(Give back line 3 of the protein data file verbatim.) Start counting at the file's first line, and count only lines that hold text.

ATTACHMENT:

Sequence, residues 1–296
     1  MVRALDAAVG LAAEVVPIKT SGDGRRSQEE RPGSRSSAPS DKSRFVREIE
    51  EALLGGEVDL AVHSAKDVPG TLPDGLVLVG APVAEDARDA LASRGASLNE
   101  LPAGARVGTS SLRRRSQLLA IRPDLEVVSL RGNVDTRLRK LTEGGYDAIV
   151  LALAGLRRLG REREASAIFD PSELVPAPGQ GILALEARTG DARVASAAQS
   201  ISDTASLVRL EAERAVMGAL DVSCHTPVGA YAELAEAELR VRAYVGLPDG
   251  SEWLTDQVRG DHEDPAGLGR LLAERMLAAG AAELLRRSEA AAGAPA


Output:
    51  EALLGGEVDL AVHSAKDVPG TLPDGLVLVG APVAEDARDA LASRGASLNE